Sunday, 25 September 2016
British Rail Travel: Some Things Never Change
Yesterday George and I took the train from Bishops Stortford to London, a journey that should take 40 minutes or so. We arrived at that station and, after the inevitable sharp intake of breath when I saw the cost (Belgian train fares are very low, and I so have been somewhat spoiled over the years), we headed for the platform. We had to cross to another platform, where the 10.09 was waiting - it was 10.08, and I figured we had no chance - but the train departed a few minutes late, and so we made it.
This was fortunate, as I noted during our dash that the following train had been cancelled. This should have set alarm bells ringing.
Boarding the train was problematic as it was totally packed with irritable people and their suitcases (for which there is virtually no storage space). It was standing room only, and a shoulder to shoulder crush.
When the train eventually departed, it all began.
The driver informed us that due to a broken down train ahead of us, our journey would be slow. He wasn't kidding. In fact, our train made an unscheduled stop at the next station, Sawbridgeworth, just some minutes down the line. After a little time the driver opened the doors to allow us to alight onto the platform and get some air.
As well as the broken down train, we now had another problem. Apparently the barriers on the level crossing ahead of us had not come down, and so it would be unsafe to proceed. George and I fished our paperbacks out of our bag, and we settled down to pass the time reading.
Shortly, the driver informed us that the barriers were down, but he was not sure they were for us. So we carried on reading.
Eventually, we were told that the train ahead of us was moving, albeit slowly, but we still could not proceed as the barriers had been raised again. A young hockey player who was due at a tournament in Poland, and so had a flight to catch, was getting very worried at this point.
As the problems did eventually resolve themselves, a new one, somewhat inevitably, arose. It transpired that there was some plastic sheeting on the line outside Harlow, and we would have to wait for engineers to arrive to clear the line. And wait we did.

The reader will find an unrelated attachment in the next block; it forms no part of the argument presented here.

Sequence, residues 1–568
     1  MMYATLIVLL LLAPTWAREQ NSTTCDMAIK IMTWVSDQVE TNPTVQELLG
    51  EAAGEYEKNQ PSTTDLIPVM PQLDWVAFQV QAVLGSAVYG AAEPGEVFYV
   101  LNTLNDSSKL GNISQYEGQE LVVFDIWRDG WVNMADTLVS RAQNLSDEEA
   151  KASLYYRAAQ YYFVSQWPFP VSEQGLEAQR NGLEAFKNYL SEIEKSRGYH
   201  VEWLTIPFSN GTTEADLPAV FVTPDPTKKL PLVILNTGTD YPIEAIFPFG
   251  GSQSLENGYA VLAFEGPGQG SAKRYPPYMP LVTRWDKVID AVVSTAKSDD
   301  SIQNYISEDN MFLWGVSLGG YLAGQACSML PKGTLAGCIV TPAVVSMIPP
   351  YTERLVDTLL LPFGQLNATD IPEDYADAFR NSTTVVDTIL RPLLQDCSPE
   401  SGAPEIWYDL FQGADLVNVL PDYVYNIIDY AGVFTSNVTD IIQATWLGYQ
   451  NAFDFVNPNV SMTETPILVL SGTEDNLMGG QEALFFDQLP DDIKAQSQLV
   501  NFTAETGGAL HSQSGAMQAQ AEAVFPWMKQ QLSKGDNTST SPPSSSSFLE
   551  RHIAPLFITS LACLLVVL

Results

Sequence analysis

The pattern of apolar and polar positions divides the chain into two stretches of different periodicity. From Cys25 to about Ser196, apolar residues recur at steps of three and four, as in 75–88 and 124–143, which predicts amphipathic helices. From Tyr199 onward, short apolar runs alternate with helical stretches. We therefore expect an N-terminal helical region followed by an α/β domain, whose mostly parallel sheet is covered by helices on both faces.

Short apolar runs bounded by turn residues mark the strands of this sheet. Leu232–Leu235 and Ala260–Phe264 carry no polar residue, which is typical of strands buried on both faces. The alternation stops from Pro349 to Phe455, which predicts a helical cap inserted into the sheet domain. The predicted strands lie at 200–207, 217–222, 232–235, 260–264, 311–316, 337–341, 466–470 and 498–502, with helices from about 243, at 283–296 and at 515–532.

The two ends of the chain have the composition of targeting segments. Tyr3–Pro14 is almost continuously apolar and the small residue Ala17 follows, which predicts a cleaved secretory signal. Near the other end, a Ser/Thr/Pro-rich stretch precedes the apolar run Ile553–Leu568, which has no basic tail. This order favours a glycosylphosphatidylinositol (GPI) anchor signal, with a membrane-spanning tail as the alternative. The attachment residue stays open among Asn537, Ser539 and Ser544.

We were eventually told that the engineers had arrived at the scene, but had to wait until the appropriate moment to switch off all overhead power cables before they could do anything.
After 4 or 5 chapters of an admittedly absorbing detective novel, we were on the move. Hurrah!
However, there would be a further delay, we were told, due to an unscheduled stop to collect passengers whose train had been cancelled. When you make an unscheduled stop, nobody gets off; they only get on. Lots of them in this case.
This is where it got serious. As we tried to squeeze into nooks and crannies to allow families and their luggage onboard, a lady of rather advanced years, and in some distress, entered into the equation. She needed help standing, and there were no seats. A young lady offered her own seat, but to get there the elderly lady had to get past several dozens of people crammed in like sardines and with nowhere to go. Then the train started moving. It was not pleasant, and no elderly and disabled person should ever be put into such a position. But of course there were no staff to help her. There are seemingly no staff other than ticket inspectors at all.
We did, eventually, arrive in London. Our journey on the underground took much longer than anticipated because - yes, you've guessed it - several lines were out of operation. Quelle surprise!
I appreciate the fact that sometimes things do go awry, but the fact is that it is like this seemingly every time I use the train.
Over the last 4 weeks (or thereabouts) I have had a row with passengers who put their suitcases on seats meaning other passengers have nowhere to sit. (Admittedly they have nowhere else to put them as there is precious little space for luggage, and this on a line that runs from Stansted Airport to London. You would have thought it might have occurred to somebody that such a train would require space for luggage, but no, apparently not!) Customer complaint form number one from me.
Then, a week or so later, due to non-functioning ticket machines at Tottenham Hale I was forced to queue for ages to buy a ticket at the counter. 3 windows, only one staff member working, so it was a long queue. I explained that our party would be travelling out together, but returning on different days. He sold me 3 return tickets. On the way back, travelling alone, I had my ticket seized by an inspector as it transpired that the idiot at Tottenham Hale had sold me the wrong ticket, and it was only valid if everybody traveled together. I was told to pay a fine, which I resolutely refused to do. Customer complaint form number two from me.
Form number three I will fill in tomorrow. That's three complaints from one customer from just six journeys.
And for this we have to pay.